The Last Lesson Interpretation

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  • Topic: Franco-Prussian War, Alphonse Daudet, Alsace-Lorraine
  • Pages : 2 (648 words )
  • Download(s) : 1584
  • Published : December 24, 2012
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Interpretation. «The last lesson»
I would like to start my interpretation with a few words about the author. Alphonse Daudet (13 May 1840 – 16 December 1897) french short-story writer and novelist. Daudet wrote his first novel at age 14. Unable to finish his schooling after his parents lost all their money, he took a position in a duke's household. He later joined the army but fled the terrors of the Paris Commune of 1871. His many works include the story collection Monday Tales (1873), the play L'Arlsienne (1872), the novels The Nabob (1877) and Sappho (1884), and several volumes of memoirs.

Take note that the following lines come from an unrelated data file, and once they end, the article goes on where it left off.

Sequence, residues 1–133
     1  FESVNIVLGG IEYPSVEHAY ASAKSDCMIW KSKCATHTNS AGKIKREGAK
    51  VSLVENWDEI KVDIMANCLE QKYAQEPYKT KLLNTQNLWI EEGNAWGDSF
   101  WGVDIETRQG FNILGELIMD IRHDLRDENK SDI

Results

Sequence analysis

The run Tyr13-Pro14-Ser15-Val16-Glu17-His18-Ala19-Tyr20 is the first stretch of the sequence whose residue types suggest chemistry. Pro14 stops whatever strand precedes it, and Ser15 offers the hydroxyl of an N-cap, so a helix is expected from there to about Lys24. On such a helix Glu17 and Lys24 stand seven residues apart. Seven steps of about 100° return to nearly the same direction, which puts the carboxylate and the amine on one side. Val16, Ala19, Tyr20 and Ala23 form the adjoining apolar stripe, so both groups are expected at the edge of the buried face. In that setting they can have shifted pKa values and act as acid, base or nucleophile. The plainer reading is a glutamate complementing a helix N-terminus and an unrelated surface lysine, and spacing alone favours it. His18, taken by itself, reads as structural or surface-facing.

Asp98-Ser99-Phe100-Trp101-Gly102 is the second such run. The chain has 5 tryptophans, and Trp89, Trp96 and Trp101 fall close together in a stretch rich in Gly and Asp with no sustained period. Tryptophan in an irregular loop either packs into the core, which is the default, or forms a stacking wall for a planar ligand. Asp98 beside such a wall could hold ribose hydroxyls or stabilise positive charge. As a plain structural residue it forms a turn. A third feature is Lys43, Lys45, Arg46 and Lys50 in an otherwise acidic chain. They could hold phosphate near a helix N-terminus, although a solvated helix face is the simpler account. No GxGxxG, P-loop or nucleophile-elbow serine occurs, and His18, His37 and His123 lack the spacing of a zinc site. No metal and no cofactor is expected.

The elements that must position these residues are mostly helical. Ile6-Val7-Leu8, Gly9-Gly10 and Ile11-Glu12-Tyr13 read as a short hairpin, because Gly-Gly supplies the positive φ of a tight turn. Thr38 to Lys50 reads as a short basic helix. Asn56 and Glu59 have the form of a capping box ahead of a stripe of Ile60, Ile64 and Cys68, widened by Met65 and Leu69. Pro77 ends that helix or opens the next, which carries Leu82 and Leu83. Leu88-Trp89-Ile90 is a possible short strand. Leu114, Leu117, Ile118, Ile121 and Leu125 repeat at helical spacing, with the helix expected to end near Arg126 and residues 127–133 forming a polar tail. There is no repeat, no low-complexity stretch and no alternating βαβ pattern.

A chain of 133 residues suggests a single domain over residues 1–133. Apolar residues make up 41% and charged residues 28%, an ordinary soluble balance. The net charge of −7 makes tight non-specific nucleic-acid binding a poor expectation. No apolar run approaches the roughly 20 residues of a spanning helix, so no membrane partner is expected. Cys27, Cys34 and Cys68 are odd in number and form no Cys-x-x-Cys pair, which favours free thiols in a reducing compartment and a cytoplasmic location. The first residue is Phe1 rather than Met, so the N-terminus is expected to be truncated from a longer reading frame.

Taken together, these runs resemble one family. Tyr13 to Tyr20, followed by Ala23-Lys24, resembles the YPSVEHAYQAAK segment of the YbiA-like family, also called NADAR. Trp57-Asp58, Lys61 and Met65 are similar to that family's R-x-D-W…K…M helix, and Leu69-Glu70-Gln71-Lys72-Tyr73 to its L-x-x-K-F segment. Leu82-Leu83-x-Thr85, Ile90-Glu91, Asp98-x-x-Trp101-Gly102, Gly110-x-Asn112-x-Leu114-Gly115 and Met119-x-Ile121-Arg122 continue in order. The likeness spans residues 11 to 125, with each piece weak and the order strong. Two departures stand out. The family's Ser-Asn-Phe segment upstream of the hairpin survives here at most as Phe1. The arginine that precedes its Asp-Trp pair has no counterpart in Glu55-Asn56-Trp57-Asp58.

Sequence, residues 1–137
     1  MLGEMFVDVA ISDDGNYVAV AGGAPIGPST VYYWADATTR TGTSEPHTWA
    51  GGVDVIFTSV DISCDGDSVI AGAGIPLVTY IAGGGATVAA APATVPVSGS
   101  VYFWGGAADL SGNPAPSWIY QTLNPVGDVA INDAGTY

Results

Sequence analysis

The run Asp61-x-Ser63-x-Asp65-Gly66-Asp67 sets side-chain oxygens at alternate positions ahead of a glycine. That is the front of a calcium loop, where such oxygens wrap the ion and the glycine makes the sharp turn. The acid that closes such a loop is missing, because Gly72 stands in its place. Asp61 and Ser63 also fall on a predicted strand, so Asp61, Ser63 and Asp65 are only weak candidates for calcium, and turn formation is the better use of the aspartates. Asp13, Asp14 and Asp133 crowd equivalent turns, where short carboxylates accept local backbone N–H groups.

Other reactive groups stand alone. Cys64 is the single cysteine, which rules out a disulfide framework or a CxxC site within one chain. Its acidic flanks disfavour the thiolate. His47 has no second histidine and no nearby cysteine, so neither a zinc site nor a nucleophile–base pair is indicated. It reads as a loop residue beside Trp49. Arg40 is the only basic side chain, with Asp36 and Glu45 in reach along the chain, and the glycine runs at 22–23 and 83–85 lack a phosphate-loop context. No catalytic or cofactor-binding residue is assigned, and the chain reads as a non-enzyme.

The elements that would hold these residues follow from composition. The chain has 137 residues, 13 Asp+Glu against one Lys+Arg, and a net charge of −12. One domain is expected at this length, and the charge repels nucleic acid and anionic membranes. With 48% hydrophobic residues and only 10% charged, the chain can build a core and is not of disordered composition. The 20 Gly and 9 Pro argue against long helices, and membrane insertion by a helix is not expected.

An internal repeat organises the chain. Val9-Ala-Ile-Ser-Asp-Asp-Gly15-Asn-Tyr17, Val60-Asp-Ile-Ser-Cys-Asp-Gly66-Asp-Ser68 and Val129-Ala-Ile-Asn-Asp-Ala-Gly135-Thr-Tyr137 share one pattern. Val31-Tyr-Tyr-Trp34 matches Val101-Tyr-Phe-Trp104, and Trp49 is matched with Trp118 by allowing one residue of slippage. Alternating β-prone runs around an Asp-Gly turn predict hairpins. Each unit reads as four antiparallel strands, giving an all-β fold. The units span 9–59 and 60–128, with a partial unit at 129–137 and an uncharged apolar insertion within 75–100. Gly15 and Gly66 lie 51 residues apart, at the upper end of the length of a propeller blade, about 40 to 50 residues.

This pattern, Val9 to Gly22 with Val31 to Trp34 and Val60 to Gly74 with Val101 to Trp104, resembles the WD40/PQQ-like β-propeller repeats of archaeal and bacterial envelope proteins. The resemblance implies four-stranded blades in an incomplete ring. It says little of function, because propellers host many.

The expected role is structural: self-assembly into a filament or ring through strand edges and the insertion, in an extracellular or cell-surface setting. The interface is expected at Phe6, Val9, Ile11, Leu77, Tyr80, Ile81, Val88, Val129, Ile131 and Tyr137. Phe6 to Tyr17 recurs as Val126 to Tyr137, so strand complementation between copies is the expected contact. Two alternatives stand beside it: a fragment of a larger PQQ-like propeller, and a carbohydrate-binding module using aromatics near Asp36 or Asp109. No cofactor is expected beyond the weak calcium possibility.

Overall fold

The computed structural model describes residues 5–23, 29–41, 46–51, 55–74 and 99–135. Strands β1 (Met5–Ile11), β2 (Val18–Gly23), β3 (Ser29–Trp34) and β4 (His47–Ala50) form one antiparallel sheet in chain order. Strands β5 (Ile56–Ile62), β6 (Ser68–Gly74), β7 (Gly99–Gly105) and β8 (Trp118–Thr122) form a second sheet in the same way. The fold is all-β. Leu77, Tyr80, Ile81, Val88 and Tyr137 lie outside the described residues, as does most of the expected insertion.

The story was written in the days of the Franco-Prussian war in which France was defeated by Prussia. The French districts of Alsace-Lorraine have passed into Prussian hands. The main characters are M. Hamel is the teacher of French and a boy, Franz. Little Franz is the narrator of the story. One day he was late for school and he didn’t want to be there. But finally he decided to go to school. On his way to school, Franz passes through the town square. He saw the crowd has gathered round the bulletin board. He did not stop there. On arriving at school, he noted an unusual silence, the last benches were occupied by the village elders, M. Hamel was dressed nicely. The teacher made a announcement that this would be their last lesson in French. The new teacher comes tomorrow. Franz decided to pay attention to the lesson since school had become very important for him. M. Hamel in his last address told about the importance of French. He dismisses the class and asks his students to go. The story ‘The Last Lesson’ highlights the human tendency that there is plenty of time to do things; hence, man keeps postponing the lessons of life, oblivious to the fact that life is subject to change. The people of Alsace always thought they had plenty of time to learn the lessons; therefore, they did not give much importance to school. They preferred their children to work on the farms and...
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